Dr. Donald Cronkite of the Hope College biology faculty has been appointed to a multidisciplinary committee formed by the National Council of Churches to lead the U.S. ecumenical community's work over the next two years on issues of human genetic technology.
The Human Genetics Policy Development Committee and a complement of seven "Senior Sages" has been charged with replacing the NCC's 1986 policy, "Genetic Science for Human Benefit," with a new policy that will guide the council's educational outreach and public policy efforts in light of new and emerging technologies. The committee's 16 members and a complementary consulting group of seven "Senior Sages" represent a range of denominational, professional, and racial and ethnic backgrounds.
A specialist in genetics, Cronkite has long been active in considering the theological implications of the field. For several years, he was moderator of the Christian Action Commission of the Reformed Church in America, the college's parent denomination, which considered multiple issues including genetics. Locally, he has been active speaking with church adult education classes and other groups concerning various aspects of human genetic technology.
He began teaching genetics in 1972 at the University of Redlands in California. He has been at Hope, where he teaches introductory biology and embryology, since 1978. His publications include "A Problem-Based Guide to Basic Genetics," currently in its third edition.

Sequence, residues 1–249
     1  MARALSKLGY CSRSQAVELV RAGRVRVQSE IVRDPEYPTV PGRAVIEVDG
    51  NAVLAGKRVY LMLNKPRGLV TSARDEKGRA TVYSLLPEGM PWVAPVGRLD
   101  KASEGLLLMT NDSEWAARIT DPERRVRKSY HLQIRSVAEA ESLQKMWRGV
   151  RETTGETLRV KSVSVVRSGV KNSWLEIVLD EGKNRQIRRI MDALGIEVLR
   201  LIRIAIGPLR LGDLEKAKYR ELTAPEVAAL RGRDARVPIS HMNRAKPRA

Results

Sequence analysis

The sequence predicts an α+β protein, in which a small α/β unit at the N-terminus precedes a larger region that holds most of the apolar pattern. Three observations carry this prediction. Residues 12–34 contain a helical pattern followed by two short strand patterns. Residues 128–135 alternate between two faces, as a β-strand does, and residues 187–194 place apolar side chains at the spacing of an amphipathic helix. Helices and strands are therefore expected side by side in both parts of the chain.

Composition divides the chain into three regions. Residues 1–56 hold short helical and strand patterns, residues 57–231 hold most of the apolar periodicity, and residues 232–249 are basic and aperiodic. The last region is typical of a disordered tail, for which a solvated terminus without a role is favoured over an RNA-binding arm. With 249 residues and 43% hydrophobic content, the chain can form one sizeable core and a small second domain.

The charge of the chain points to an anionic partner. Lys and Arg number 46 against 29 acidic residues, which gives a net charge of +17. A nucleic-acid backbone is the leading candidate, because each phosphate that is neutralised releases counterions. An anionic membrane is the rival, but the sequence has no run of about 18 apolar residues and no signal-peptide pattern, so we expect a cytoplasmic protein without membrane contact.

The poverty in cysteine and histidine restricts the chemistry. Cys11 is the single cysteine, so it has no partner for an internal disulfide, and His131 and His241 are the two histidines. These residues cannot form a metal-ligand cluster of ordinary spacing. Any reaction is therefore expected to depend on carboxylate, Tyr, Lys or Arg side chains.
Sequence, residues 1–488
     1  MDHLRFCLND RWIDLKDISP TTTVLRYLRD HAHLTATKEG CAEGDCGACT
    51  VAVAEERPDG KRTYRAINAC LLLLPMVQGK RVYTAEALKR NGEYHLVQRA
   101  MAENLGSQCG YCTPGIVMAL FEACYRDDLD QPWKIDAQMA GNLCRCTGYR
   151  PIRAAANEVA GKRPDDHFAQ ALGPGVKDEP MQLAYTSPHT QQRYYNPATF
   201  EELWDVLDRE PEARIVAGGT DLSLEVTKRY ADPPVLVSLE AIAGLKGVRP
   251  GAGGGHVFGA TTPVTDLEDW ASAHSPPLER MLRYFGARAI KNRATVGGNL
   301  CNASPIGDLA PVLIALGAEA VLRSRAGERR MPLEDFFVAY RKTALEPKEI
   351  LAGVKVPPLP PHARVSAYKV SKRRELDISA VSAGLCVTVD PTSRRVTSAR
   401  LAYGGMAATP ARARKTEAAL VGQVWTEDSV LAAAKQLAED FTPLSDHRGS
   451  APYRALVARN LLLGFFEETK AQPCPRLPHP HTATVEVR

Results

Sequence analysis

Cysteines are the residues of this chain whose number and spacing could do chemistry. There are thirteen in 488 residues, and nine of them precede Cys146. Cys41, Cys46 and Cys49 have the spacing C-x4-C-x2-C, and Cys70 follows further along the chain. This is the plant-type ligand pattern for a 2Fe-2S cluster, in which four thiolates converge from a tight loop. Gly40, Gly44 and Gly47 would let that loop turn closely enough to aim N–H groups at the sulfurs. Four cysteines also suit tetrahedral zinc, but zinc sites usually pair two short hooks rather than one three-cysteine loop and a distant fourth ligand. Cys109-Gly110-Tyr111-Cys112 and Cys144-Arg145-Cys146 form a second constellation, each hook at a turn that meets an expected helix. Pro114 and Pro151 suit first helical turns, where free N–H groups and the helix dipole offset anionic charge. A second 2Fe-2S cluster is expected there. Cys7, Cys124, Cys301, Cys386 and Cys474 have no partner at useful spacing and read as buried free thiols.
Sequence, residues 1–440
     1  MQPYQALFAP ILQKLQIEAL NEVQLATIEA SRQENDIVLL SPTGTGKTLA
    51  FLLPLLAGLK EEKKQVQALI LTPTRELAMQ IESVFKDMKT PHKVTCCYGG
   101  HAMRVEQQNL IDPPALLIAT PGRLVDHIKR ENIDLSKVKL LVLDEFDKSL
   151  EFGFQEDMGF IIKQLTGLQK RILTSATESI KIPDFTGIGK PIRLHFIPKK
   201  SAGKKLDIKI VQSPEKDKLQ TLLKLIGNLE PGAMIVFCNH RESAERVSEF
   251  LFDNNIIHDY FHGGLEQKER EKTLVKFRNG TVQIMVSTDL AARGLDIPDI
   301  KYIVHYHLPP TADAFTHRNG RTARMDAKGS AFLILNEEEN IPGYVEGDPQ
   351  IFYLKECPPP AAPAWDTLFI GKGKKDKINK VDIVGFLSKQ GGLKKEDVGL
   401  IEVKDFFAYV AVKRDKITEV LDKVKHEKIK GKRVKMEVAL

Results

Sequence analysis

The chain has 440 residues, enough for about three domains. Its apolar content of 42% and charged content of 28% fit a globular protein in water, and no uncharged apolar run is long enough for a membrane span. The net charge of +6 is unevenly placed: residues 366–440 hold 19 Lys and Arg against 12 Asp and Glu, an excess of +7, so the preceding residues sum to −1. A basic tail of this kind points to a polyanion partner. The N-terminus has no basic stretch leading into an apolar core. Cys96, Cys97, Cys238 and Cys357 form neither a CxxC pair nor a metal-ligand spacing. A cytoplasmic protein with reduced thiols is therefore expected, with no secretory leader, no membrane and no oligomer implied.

Cronkite has received both national and campus recognition for his teaching. In 1995, he won the "Four-Year College Biology Teaching Award" presented by the National Association of Biology Teachers. In 1991, he was one of only 700 faculty members recognized nationally with a 1990-91 Sears-Roebuck Foundation Teaching Excellence and Campus Leadership Award. In 1988, he was named a co-recipient of the college's Hope Outstanding Professor Educator (H.O.P.E.) Award by the senior class and also served as Commencement speaker.
The NCC's policy development committee will address moral and ethical implications of the whole range of applications of human genetic technology, along with such related issues as equality of access and regulation.The committee will build on work done by an earlier Exploratory Committee on Human Genetic Technologies, which in 2002-03 reviewed NCC and member communion statements, studies and other materials concerning biotechnology along with their existing education, outreach and advocacy work related to biotechnology and public policy. The exploratory committee's report and recommendations were delivered to the NCC's 2003 General Assembly and resulted in the call for a new policy.